Florida Legislation Watch: Business Liability for COVID-19
UPDATE as of January 26, 2021
Following up on our previous article on the topic: both the Florida House and the Senate have each now filed a bill to provide liability protections for individuals, businesses, churches and schools. The legislation seeks to provide liability protection for businesses or organizations who acted in good faith through the pandemic, following then current guidelines and data. Florida TaxWatch reports that Florida is third nationally in COVID-19 lawsuits, following only New York and California. TaxWatch estimates that the economic impact of such suits could results in the closure of many small businesses and the loss of hundreds of thousands of jobs statewide.
House Bill 7 can be read in its entirety here (don’t worry, it’s only 7 pages):
HB 7 has already moved through its first subcommittee, Civil Justice and Property Rights, where it received a favorable vote without amendment. The business losses to COVID-19 in 2020 are still being calculated and many businesses will not survive. In this subcommittee is notable that those speaking in favor of or showing support to the bill were Jimmy Patronis, Florida Chief Financial Officer and probusiness interests such as the Florida Chamber of Commerce and regional chambers, the Florida Restaurant and Lodging Association, and Florida Association of Realtors. The House Bill will next move on to the House Pandemics and Public Emergencies Committee and the Judiciary Committee.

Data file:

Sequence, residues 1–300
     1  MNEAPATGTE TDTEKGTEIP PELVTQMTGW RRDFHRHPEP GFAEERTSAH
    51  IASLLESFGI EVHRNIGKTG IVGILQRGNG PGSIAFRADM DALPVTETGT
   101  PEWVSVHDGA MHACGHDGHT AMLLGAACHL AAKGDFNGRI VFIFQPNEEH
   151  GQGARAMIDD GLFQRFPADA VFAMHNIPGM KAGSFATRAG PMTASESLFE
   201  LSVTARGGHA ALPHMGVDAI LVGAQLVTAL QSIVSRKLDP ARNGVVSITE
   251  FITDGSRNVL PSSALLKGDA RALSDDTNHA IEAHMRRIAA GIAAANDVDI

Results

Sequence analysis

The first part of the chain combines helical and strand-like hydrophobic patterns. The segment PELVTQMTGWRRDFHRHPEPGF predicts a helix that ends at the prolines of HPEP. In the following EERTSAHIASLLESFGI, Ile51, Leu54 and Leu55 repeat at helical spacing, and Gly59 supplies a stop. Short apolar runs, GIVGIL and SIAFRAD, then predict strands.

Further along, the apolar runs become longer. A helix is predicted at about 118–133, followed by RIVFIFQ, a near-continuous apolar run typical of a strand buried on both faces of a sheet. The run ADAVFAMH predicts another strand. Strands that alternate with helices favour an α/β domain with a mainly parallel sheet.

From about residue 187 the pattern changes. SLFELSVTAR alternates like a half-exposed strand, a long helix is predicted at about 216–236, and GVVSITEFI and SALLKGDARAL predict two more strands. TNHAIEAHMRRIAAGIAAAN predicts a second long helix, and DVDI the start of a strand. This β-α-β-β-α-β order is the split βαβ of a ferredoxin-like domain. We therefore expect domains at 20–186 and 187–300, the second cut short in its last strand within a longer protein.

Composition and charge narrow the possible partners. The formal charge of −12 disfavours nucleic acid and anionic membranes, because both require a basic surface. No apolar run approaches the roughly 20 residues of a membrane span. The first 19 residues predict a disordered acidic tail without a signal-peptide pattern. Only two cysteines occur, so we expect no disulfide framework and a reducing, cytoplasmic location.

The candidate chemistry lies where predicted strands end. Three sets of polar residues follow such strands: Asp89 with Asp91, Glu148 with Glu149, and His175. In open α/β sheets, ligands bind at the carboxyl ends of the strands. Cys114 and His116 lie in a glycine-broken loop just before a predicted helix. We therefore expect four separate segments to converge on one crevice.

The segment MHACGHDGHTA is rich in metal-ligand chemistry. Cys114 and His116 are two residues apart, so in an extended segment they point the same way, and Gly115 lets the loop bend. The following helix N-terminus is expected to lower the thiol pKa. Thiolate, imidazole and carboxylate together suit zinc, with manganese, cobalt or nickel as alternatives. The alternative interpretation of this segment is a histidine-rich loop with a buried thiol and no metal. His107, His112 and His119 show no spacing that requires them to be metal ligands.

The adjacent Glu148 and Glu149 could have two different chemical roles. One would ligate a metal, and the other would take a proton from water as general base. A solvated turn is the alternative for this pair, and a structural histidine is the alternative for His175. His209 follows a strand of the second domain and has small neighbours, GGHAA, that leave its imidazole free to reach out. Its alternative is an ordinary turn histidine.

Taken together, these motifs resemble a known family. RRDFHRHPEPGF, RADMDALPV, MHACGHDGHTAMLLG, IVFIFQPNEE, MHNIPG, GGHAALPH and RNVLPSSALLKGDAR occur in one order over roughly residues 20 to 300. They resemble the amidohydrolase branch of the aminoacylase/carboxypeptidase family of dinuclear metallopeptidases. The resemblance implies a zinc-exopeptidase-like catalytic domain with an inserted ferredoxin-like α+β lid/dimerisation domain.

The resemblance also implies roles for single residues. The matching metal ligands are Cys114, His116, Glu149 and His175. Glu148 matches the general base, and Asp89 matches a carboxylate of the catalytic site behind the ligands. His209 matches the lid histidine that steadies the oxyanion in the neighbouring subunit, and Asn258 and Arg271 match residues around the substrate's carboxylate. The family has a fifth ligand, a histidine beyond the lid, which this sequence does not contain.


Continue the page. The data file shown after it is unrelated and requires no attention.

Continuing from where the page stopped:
Senate Bill 72 as originally filed was identical to House Bill 7. While members of the Senate Judiciary Committee proposed some substantive edits, none so far have been adopted. Senate Bill 72 was heard and approved Monday, January 25, 2021 in the Judiciary Committee. It is slated to be heard in two other committees.
The litigation seeks to:
- Limit the time in which a plaintiff can file a COVID-19 suit.
- Require a plaintiff to have a physician’s affidavit linking the defendant to the damages, injury or death of the plaintiff.
- Provide liability to defendants who made a good faith effort to comply with then known and available health standards.
Both Senate President Wilton Simpson and House Speaker Chris Sprowls have expressed support for the legislation. Expect to see this pass early in session.
Notably absent in the first versions were protections for hospitals and healthcare facilities. Protections for those groups may be coming in separate bills or amendments, which will have to be reconciled between the two houses before the close of session.
Florida legislature will continue in their Committee Weeks through February, and Regular Session starts in March. Lacey Lyons Rezanka attorneys will be closely watching this and other issues that could affect their clients. Check back for updates on this and other legislation.